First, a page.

Ubiquitin Signals – Cynthia Wolberger, Ph.D.

Dr. Cynthia Wolberger and her team study how a protein called ubiquitin switches genes on and off and notifies the cell about DNA damage. Their work is providing clues for how scientists might develop new drugs for cancers with faulty ubiquitin signaling, and for which there are currently no effective treatments.

Learn more about Dr. Wolberger’s work.


When Cell Division Goes Wrong—Dr. Andrew Holland

Glitches in cell division can lead to diseases such as Down syndrome and cancer. Dr. Andrew Holland investigates errors in cell division to identify causes of human disease.

Learn more about Dr. Holland’s work.

Cell Movement and Health—Dr. Peter Devreotes

When cell migration goes awry, it can compromise the immune system, particularly in individuals with cancer. Understanding the biochemical networks that enable cell movement can pave the way to therapies targeting cell migration, illuminating new treatments for disease.

Learn more about Dr. Devreotes’ work

From Dysfunctional Cells to Disease – Dr. Rong Li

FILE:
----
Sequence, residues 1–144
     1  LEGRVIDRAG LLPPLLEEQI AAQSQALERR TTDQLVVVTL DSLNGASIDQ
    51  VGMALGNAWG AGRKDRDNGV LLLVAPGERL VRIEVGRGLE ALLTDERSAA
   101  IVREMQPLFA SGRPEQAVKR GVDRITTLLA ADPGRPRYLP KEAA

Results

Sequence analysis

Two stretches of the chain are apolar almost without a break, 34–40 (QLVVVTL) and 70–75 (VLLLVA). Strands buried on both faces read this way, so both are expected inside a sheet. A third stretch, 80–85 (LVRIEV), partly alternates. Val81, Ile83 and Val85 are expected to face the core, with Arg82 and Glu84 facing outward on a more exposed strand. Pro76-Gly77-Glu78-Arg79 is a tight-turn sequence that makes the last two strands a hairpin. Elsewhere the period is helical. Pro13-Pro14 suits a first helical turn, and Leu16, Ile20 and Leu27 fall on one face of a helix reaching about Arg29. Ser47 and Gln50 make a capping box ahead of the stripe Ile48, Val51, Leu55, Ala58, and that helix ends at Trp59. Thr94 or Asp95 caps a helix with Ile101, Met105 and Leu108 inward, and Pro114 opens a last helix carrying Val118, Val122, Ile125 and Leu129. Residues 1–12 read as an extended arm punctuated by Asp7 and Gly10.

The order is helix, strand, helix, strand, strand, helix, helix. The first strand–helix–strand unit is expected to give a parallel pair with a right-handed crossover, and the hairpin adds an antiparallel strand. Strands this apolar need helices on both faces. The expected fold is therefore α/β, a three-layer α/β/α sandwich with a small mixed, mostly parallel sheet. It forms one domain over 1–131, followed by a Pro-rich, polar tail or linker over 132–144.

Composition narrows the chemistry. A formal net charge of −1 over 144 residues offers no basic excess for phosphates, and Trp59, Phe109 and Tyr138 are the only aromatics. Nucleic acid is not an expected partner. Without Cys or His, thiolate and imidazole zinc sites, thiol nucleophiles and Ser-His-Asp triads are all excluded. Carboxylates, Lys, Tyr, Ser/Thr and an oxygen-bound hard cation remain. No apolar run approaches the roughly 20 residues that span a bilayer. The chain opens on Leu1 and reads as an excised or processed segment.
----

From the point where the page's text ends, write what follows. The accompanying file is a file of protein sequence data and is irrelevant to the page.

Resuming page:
Dr. Li and her team investigate how cells consolidate their damaged proteins and prevent them from spreading freely, in order to understand how to better treat diseases such as Alzheimer’s and ALS. Another of their interests is how chromosomes are divided up when one cell becomes two. Learning more about how the process can go wrong could lend insight into cancer development.

Learn more about Dr. Li’s work.


Controlling the Balance Between Salt and Water – Dr. William Guggino

Imbalances of salt and water in the body can lead to problems ranging from cystic fibrosis to diarrhea to kidney failure. Dr. Guggino and his team study the channels that move salt and water– and what goes wrong with them in disease.

Learn more about Dr. Guggino’s work.

How Odor Sensitive Cells Regenerate – Randall Reed, Ph.D.

Odor-sensitive cells can warn of us of dangers and let us know when something is pleasant to eat. However, because they are so sensitive, they can easily die when exposed to the outside world. Dr. Reed’s lab seeks to understand how they can regenerate so quickly. This will prevent people from losing their sense of smell in a time of danger.